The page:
Water Lines: Prevent burst pipes by turning off all exterior water lines or insulating the pipes. If you have a sprinkler or irrigation system, drain the lines to make sure no water is left to damage the underground lines.
RELATED: Domestic CEO's Fall and Winter Home Maintenance Checklist
Tools: Be ready to get yourself out of the house by making sure all your winter tools are in good working condition. Turn on the snow blower, visually check the shovels, and stock up on salt or deicers. Having everything in its place and ready to go will give you a good start on digging out from a big blizzard.
Prepare Your Safety Kits
Pantry: During the winter, it’s always a good idea to keep extra food supplies in your pantry in case a big storm prevents you from getting to the store. Boxed and canned foods are the best because they take no electricity to store (in case that goes out), and have a long shelf life. Stock your pantry with a week’s worth of pastas, canned fruits and vegetables, soups, rice, beans, and bottled water, and you’ll be ready if the big one hits your town.
Boxed and canned foods are the best food to keep in stock because they take no electricity to store (in case that goes out), and have a long shelf life.
Lights: If a winter storm takes out your electricity, make sure you are ready with flashlights and candles to light your home. Keep flashlights in every room, and teach your kids where they are in case they need to find them in the dark.
Heat: If you have a wood burning fireplace, keep a solid stash of wood ready in case your power goes out. If you are in an area prone to losing power, you may also want to invest in a generator to run your furnace a couple hours a day during power outages. A good stash of blankets and comforters will help you get through chilly days and cold nights.
Detectors: Winter means an increase of home fires and carbon monoxide leaks. Make sure you and your family are protected by replacing the batteries in your smoke and carbon monoxide detectors and testing them before winter hits.
All the tasks on this list are important to get done before the snow starts falling. If you don’t have the time to do them all, hire a trusted professional to help you knock a few off tasks off your list. You’ll be thankful that you have everything done and ready as soon as the first big storm hits.
I’m the Domestic CEO, helping you love your home.
Image courtesy of Shutterstock.
Obviously, coffee is the best part of every morning. But if your coffee needs a pick-me-up, we've got you covered.
Make coffee more drinkable
If you’re sensitive to acidity in coffee but love the pick-me-up in the morning, here’s a way to reduce the acid level: Just add a pinch of baking soda to the drink! You can also use this tip to decrease the acidity in other high-acid drinks and foods.
Save your cream
If your cream or half-and-half has begun to develop an “off” odor, but you desperately need it for your coffee, try mixing in 1/8 teaspoon baking soda, which will neutralize the lactic acid that is causing the cream to sour.
Before you use the cream, however, taste it to make sure the flavor is still acceptable.
SEE ALSO: Grammar Girl's Why Do We Call Coffee a 'Cup of Joe'?
Perk up your coffee
Make stale coffee taste like it’s just been brewed by adding a pinch of salt and a dollop of fresh water to your cup. Heat it up in the microwave, and you’re ready to power through the rest of your workday. Works for me every time!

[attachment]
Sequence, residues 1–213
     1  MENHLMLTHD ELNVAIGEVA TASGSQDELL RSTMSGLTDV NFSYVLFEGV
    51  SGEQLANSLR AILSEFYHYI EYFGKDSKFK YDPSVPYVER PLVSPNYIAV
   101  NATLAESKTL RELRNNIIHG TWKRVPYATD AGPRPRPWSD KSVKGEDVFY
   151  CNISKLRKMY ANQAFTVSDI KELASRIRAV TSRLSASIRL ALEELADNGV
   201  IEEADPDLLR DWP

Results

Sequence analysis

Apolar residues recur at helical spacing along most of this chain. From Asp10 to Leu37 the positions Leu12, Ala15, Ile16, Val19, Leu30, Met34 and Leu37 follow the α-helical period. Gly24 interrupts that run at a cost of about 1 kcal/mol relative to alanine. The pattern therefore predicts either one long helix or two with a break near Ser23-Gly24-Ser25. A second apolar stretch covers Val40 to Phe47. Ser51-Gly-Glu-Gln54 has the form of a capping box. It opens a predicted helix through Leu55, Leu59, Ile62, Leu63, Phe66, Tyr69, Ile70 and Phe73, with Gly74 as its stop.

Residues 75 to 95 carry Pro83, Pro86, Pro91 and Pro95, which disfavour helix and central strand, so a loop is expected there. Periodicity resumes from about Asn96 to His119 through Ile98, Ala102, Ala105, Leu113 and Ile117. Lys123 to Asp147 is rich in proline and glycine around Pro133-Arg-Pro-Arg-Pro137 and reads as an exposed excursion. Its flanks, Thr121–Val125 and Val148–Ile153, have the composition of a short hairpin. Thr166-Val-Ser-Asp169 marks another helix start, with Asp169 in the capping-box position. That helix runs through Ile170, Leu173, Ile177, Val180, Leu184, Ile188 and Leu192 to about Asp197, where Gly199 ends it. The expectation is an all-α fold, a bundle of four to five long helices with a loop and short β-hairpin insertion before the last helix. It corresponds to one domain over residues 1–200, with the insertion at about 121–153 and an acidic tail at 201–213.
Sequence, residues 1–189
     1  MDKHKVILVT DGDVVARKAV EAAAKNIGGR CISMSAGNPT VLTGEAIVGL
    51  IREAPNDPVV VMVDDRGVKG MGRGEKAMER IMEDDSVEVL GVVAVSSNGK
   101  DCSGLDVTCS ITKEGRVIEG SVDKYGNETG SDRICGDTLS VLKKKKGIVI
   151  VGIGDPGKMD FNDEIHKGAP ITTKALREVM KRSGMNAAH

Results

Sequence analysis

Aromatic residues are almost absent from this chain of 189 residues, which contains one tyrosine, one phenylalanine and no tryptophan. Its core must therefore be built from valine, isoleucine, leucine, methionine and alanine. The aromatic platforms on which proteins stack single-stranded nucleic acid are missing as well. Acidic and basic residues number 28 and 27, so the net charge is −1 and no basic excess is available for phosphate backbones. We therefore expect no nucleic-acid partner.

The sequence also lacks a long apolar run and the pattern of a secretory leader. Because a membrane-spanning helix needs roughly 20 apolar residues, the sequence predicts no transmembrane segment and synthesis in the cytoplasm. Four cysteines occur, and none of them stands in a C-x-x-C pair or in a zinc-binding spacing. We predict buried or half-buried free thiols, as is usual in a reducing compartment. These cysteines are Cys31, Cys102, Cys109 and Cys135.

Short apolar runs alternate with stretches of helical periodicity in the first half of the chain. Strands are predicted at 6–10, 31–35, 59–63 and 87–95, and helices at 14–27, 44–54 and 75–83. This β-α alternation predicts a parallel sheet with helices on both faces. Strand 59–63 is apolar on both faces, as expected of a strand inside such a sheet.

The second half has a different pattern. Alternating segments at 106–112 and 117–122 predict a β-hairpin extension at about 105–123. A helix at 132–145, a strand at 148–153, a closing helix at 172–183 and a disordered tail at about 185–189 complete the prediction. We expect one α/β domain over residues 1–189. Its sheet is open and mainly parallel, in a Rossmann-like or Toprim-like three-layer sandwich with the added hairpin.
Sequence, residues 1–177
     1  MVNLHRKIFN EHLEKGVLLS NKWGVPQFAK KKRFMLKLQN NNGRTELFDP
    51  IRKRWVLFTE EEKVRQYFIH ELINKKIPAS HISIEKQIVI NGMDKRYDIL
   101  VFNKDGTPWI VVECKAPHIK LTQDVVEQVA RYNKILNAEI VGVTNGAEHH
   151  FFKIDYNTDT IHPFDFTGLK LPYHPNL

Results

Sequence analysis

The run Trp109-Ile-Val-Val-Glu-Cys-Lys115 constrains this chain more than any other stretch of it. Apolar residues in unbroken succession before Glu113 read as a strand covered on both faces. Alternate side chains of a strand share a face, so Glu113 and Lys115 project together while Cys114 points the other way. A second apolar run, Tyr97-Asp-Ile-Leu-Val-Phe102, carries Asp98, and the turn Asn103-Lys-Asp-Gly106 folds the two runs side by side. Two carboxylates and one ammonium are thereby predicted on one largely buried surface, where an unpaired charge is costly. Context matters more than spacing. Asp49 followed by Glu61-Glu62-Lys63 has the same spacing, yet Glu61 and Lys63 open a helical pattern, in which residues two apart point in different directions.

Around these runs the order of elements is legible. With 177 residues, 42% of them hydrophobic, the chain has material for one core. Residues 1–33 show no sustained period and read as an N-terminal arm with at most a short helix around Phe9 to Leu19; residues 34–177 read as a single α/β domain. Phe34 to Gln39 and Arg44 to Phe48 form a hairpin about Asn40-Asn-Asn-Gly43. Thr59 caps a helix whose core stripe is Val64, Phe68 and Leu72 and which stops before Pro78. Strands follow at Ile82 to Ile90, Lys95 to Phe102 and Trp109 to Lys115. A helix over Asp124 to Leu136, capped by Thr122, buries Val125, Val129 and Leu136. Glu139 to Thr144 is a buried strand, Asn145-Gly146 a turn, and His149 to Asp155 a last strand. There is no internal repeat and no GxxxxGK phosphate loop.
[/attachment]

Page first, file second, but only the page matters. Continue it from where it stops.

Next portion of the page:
Remove coffee stains
These stubborn stains aren't going to get themselves out!
Chase coffee stains
Coffee stains can be frustrating, but you can get them out of your carpet by pouring beer on them. That’s right—one great beverage deserves another! Just dribble a couple of sips onto the stain, and it should vanish. Dab up the extra beer with a paper towel, and if the coffee stain doesn’t go away completely, repeat the task a few more times. This trick works on tea stains, too.
Get creative with stains
If you can’t get a coffee or tea stain out of a white tablecloth, try one last solution. Soak the tablecloth in a bucket of strong coffee or tea (depending on the type of stain) for 2 hours. You won’t get the stain out, but you will dye your linen a lovely earth tone!
RELATED: Who Knew's How to Remove Almost Every Stain
Other ways to use coffee
Who knew that you could use coffee for reasons other than getting out of bed in the morning?
Share some coffee
Here’s an ingenious idea for an elegant-looking decoration that also smells wonderful! Place coffee beans in votive holders or small bowls, then add tea light candles. They’ll cast a pretty glow and make your home smell like coffee.
Try vanilla-scented tea lights if you love the smell of French vanilla coffee.
Surprising use for a coffee bean
To freshen your breath, try sucking on a coffee bean. It’s much cheaper than a breath mint, and tastes great to us coffee addicts!
Reach for a coffee filter
We always prefer to clean our windows with something reusable, like an old rag. But if you like to go the disposable route, try coffee filters instead of paper towels. They won’t leave behind any lint or paper pieces. Coffee filters work great for electronic screens as well—they grab dust without scratching or leaving streaks.
SEE ALSO: Domestic CEO's No Mess Camping Coffee
Perfect wood patch
If you need to repair a hole in a piece of wood, add a small amount of instant coffee to the spackle, or to a thick paste made from laundry starch and warm water. The coffee tints the paste to camouflage the patched-up spot.
Freeze out funk
Add a shallow bowl of freshly ground coffee, uncovered, to your freezer. Leave for a few days and any funky freezer odors will disappear.
Cover up with coffee.
Would you ever imagine coffee stains could be a good thing? For your damaged wood furniture or floors, they are. Just brew a very strong pot, and then use a cotton ball or rag to apply the coffee over the scratch. It works as a stain, and will blend in the scratch in no time!